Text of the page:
So how does this compare to selling from a dedicated server? Selling from a VPS? There is nothing special with reselling VS Dedicated/VPS. The concept will always be the same. If you have a dedicated server, sure you have more webspace/bandwidth to play with but you also have the additional cost,, plus, the additional work load. All the problems you have brought up will happen with a VPS and with Dedicated, and with the latter, you stand to lose much more. It is all relative.

    A reseller account simply takes the headache out of it all. You're essentially outsourcing the back end work. And with some hosts offering billing systems, end user support etc. there really isn't much for you to do apart from market your service. We see more and more customers move from dedicated servers/vps's to reseller just so they don't have to deal with the headache of a server.

    Reselling can be considered a stepping stone, or a convenient method of selling hosting. But just like any business, price points & etc. are going to be things you need to sort out.

    The issues you have brought up are not exclusive to reselling, but they relate to starting a business in general. The problem here is that you're comparing working for someone else to working for yourself. For the beginning, reward is always going to be disproportionate to effort. In other words, you're going to put in much more effort for little reward - and this applies to pretty much any business you start up.
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  4. #4
    Join Date
    Oct 2003
    Posts
    917
    Great post OP, however there is much more to hosting! One must definitely have a passion for hosting to be in this industry else within no time this industry will eat them alive with it's very demanding work flow approach and cause a specific host to become a fly by night.

    With that being said, you always have to think about adding that value to your customers and not compete with the unlimited $1-$2 hosts. If you want to compete at that level you need to have a decent enough infrastructure where your overhead costs per account work out to be cheaper but your overhead itself will be higher compared to just having a reseller account. There are companies out there who provide reseller hosting with end user support which takes the whole support headache away from you so you can focus on sales and also your full time job, this way even though your margins are slim it's not that bad because you're not servicing customers.

    Alternatively, you can tap into the local market which is very lucrative as jagarco mentioned and in fact that is a similar model we have begun approaching since our launch (14th of this month). The results to date have been fantastic from a numbers point of view and we couldn't be happier as we look forward to an excellent month end and M/M growth next month and the future months to come.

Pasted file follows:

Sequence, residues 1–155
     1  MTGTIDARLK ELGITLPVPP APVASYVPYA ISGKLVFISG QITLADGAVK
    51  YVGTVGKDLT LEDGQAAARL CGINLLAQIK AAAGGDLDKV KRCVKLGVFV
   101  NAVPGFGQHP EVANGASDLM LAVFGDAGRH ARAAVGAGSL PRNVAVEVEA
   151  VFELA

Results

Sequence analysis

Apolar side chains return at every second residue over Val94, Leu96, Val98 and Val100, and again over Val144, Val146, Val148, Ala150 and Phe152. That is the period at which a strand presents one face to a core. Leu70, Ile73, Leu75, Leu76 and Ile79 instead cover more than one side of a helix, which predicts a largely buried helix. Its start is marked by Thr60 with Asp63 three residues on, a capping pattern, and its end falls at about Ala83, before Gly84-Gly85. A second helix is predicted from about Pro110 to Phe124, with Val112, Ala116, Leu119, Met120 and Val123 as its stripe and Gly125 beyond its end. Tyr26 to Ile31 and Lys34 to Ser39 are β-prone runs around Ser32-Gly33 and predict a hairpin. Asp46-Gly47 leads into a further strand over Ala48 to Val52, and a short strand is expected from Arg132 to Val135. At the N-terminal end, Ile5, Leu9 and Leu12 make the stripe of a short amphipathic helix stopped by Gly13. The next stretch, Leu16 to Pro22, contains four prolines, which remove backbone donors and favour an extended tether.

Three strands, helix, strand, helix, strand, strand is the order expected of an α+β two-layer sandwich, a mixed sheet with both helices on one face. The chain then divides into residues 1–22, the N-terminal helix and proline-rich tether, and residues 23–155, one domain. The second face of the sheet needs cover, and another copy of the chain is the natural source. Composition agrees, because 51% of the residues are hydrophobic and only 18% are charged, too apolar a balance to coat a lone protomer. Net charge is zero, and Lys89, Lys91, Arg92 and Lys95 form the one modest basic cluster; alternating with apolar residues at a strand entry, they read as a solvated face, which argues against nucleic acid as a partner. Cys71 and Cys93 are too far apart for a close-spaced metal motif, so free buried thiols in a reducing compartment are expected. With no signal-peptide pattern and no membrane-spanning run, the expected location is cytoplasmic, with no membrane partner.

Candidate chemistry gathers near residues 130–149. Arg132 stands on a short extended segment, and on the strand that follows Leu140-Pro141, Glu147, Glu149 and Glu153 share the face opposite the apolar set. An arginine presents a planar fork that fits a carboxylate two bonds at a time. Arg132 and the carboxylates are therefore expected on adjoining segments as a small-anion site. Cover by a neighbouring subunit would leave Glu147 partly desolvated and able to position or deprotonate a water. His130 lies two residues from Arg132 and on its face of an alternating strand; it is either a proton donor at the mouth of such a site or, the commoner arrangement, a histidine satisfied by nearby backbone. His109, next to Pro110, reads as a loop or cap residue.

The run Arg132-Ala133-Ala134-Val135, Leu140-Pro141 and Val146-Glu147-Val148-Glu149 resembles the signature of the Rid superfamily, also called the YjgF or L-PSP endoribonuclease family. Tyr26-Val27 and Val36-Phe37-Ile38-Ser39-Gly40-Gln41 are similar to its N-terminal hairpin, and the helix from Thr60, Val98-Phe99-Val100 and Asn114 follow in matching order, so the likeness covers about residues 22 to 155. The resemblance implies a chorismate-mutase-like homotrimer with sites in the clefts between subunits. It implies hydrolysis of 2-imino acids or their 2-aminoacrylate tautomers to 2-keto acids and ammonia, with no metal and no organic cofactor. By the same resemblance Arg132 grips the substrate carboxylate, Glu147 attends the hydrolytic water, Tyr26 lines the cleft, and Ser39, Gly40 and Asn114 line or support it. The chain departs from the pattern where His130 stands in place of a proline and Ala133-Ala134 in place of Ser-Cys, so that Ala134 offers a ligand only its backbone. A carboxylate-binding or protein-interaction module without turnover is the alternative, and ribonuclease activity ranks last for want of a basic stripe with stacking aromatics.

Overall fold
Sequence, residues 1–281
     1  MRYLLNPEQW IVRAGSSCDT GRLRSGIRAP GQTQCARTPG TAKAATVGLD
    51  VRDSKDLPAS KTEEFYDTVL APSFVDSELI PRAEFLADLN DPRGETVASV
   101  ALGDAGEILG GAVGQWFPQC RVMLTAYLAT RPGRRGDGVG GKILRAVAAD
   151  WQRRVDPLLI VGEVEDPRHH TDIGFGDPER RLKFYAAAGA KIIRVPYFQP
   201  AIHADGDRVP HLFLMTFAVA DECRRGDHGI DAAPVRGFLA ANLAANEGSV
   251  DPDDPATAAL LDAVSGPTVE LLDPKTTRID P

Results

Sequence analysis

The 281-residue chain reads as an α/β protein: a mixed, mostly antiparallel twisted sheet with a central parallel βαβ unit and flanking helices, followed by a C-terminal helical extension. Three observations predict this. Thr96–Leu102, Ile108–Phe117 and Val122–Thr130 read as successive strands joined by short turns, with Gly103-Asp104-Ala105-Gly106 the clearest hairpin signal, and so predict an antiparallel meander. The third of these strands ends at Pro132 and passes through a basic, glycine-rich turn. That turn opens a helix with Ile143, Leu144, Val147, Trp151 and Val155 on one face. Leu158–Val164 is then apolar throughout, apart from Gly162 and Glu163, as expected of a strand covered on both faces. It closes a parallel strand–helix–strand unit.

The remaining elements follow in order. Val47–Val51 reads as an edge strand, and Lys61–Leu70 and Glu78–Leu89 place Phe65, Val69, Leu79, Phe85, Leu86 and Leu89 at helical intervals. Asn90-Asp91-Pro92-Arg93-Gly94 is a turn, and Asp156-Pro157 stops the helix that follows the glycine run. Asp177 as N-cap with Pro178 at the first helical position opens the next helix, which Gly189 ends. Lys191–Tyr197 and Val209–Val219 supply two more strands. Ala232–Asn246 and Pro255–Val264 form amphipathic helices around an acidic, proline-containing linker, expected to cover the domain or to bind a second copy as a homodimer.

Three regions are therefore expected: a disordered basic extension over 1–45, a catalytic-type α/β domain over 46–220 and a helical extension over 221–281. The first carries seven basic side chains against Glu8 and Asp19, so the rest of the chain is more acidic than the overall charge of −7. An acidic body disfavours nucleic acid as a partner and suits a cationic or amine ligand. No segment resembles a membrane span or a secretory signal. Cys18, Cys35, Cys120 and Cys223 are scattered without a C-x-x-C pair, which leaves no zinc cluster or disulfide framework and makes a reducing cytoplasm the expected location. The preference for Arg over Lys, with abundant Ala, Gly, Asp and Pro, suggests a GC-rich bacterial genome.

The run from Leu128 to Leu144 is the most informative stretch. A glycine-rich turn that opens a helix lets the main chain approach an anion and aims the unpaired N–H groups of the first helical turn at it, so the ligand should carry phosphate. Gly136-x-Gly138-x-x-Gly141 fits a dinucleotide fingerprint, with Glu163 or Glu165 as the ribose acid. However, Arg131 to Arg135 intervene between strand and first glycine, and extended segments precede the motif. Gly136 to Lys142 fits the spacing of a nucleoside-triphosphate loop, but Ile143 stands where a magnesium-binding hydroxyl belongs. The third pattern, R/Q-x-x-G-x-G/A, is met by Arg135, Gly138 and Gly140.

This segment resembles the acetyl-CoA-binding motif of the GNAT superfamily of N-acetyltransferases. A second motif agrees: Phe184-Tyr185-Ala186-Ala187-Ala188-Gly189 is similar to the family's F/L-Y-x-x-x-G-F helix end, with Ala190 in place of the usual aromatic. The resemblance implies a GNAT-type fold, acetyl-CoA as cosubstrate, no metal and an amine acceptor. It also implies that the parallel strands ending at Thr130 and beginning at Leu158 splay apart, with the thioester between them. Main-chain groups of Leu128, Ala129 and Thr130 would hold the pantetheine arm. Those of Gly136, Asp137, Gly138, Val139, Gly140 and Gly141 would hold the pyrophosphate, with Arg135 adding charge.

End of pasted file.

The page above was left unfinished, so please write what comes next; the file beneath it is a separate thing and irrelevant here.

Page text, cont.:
5. #5
    Join Date
    Jul 2010
    Location
    Asia
    Posts
    299
    I don't know if what I'm saying is relevant but here's my opinion. I, myself, uses a reseller account. But your business does not rely on it alone. You buy a reseller account because you want to make the server administration work as "abstract (OOP)" as possible. You don't have to focus on that part for it is not that essential to your work. You can get a reputable host, then focus on the services you really provide to your market. For example, you can offer web design works, develop web applications, install and manage applications, etc. There's a lot you can do with it, you just have to think of the added "value" you can offer to your customers to make your business profitable.

  6. #6
    Hi

    Local market is where you can make money as you don't have to sell services at $1 a month.

    Get them signed up to hosting by making/selling them a cheap website for their business.

  7. #7
    Join Date
    Jan 2002
    Location
    USA
    Posts
    4,534
    I started a previous company on a $25/Mo reseller account. Within about two months, up to a VPS. 1.5YRS later we were paying about $1,200/Mo for the rental of several dedicated servers for Shared/Reseller hosting, VPS nodes and a R1Soft backup server.

    Sometimes reselling just makes the most financial sense.
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  8. #8
    Sure there is money to be made, you start with reseller and move the way up. You enter the market affordably and raise your pricing slowly. I personally, expect to be doing $70k just from 1 of my businesses 1 year out from today with about 50% profit margin. Sure, that is not a lot of money but 10 of those = $700k /yr, $350k/yr profit.

  9. #9
    Join Date
    Feb 2003
    Location
    Cumbernauld, Scotland, UK
    Posts
    732
    A reseller account is great if you have a large number of websites, it typically works out cheaper

    I tend to agree though, for the simple purposes of reselling then the profit (after all costs) will be minimal
    However, add website design and/or other services and there is considerable profit (or earnings) to be made